In response to Ontario’s provincial regulatory mandates to phase out the use of coal by the end of 2014, Ontario Power Generation (OPG) is exploring its capability to employ biomass feedstocks to displace coal in some units within the OPG thermal fleet. The primary fuels employed during the respective trials at its Nanticoke and Atikokan Generating Stations have been agricultural by-products and commercial grade wood pellets. The Canadian utility has learned valuable lessons about fuel supply and logistics, and the technical challenges of safely handling and firing high levels of biomass.
In late January, a 1.5-MW concentrating solar power (CSP) plant began providing power to Salt River Project customers in Greater Phoenix, Ariz. Though small, the plant, developed by Tessera Solar and Stirling Energy Systems (SES), is seen as a prelude to 1,500-MW projects that are due to break ground in California and Texas later this year.
Ethiopia in mid-January officially inaugurated the 420-MW Gilgel Gibe II hydropower project, the second hydropower plant to be opened since November 2009, when the 300-MW Tekezé project began operations.
Water and gas provide the energy for Peru’s power generation sector, and the country could generate considerably more, especially from hydro and wind. While the nation strives to extend electricity service to all its citizens, it’s also looking beyond its borders for potential future customers.
Venezuela, a country that relies on hydropower for almost three-quarters of its electricity, has been battling a deepening electricity crisis since a drought in 2009 and a sudden 7% surge in demand brought the country’s power system to the brink of collapse.
The race is on to claim the title of "most efficient coal-fired power plant" on the planet. However, it’s tricky identifying finalists because of the widespread misuse of the term "efficiency" and all those nagging assumptions. Let’s first establish clear definitions and then identify the title contenders.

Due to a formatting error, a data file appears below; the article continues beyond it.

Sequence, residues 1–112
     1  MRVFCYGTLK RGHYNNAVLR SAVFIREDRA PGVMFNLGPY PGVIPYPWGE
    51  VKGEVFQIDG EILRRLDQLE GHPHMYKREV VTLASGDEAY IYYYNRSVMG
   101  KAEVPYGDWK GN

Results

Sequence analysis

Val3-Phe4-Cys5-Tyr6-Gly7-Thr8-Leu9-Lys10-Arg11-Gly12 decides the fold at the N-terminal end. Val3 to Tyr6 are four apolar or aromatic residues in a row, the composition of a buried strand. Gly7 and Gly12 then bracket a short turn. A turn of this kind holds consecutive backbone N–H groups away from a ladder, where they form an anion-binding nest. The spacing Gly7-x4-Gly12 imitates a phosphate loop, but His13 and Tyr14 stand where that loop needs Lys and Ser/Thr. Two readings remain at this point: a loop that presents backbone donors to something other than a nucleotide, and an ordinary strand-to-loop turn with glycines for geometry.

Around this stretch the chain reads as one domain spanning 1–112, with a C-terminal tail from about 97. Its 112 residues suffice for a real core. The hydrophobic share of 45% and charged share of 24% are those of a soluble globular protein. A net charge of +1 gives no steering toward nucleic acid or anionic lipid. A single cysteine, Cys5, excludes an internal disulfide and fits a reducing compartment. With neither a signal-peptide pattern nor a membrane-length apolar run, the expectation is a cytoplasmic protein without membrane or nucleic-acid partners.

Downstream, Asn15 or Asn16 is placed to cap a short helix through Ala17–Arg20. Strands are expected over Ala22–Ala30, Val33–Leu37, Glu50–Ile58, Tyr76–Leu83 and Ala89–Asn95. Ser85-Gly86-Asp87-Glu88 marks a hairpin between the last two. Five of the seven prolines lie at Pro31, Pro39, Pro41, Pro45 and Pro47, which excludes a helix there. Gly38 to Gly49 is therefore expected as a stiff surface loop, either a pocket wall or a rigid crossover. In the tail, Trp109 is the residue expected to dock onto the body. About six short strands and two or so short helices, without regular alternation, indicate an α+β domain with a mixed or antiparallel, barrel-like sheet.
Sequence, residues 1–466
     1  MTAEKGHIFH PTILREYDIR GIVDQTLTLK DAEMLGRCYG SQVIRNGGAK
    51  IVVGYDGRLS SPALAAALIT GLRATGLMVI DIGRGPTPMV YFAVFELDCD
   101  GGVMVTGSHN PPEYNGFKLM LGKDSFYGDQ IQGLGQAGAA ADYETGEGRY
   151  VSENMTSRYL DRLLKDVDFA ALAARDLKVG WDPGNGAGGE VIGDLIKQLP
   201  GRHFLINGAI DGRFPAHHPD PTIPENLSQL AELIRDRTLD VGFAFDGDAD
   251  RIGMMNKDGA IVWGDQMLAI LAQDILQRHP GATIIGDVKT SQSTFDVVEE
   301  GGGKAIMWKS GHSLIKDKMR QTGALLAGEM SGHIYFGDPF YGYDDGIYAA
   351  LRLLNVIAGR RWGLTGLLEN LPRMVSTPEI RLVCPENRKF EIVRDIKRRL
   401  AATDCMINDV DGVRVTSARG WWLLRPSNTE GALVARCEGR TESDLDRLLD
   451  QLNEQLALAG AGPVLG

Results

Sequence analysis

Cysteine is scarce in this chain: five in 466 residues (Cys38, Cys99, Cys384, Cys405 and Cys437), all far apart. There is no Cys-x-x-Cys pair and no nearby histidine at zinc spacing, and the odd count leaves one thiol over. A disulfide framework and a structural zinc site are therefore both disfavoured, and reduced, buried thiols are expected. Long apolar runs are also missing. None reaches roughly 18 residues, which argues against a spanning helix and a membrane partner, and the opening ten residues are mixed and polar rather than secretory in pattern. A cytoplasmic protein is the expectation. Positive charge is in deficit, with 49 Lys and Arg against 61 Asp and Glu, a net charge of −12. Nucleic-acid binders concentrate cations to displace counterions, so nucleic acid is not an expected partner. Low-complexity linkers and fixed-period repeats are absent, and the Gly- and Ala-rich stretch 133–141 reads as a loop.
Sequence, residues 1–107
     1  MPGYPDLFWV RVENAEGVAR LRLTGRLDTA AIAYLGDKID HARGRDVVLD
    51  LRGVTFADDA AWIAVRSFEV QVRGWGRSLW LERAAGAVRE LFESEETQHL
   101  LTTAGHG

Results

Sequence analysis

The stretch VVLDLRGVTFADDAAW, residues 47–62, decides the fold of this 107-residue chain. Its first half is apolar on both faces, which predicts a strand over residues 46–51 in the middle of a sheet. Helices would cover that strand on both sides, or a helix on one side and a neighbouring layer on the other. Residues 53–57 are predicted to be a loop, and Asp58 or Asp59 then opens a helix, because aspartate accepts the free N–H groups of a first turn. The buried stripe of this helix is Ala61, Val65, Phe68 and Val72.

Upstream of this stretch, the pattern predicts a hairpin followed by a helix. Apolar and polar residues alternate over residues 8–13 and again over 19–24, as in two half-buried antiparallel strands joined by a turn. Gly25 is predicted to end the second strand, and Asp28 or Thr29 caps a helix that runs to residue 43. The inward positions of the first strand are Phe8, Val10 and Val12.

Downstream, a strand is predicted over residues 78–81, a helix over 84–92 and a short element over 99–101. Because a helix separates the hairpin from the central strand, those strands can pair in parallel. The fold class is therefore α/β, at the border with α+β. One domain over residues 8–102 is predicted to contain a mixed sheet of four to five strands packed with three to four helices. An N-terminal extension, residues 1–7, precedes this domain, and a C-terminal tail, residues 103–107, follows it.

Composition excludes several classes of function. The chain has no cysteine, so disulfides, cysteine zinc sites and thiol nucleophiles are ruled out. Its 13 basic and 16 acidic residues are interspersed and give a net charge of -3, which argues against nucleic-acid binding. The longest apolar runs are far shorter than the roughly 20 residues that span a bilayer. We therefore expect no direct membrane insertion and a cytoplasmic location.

China’s largest solar panel maker, Suntech Power, in mid-November announced plans to open a photovoltaic (PV) manufacturing facility in Phoenix, Ariz., in the third quarter of 2010. Roger Efrid, Suntech’s managing director, was widely quoted as saying that the company — which holds 12% of U.S. market share and is looking to reach 20% by 2010 — chose to establish a plant nearer to customers. This was smart business, even though panels would be made from solar cells imported from China, because solar panels are heavy, he told The New York Times: "As the price of solar panels has reduced dramatically in the last 12 months, the shipping costs have become a larger and larger portion of the overall cost of getting these projects to market."
As the economy begins to grow again, the banking industry continues to stabilize, and lawmakers work on finalizing climate change legislation, the decisions made in 2010 will lay the foundation for the power industry for decades to come.
The U.S. isn’t the only country evaluating and implementing elements of smart grid technology. In fact, it could be argued that other nations are much farther along the path to a comprehensive, technically advanced system for integrating renewables, managing load, and creating a more flexible power grid.
With the eighth-largest economy in the world, Brazil has a clear need for power, but balancing supply and demand has proven tricky in recent decades. Even in a country where over 80% of generation capacity comes from renewables, planning for future capacity additions isn’t straightforward or easy.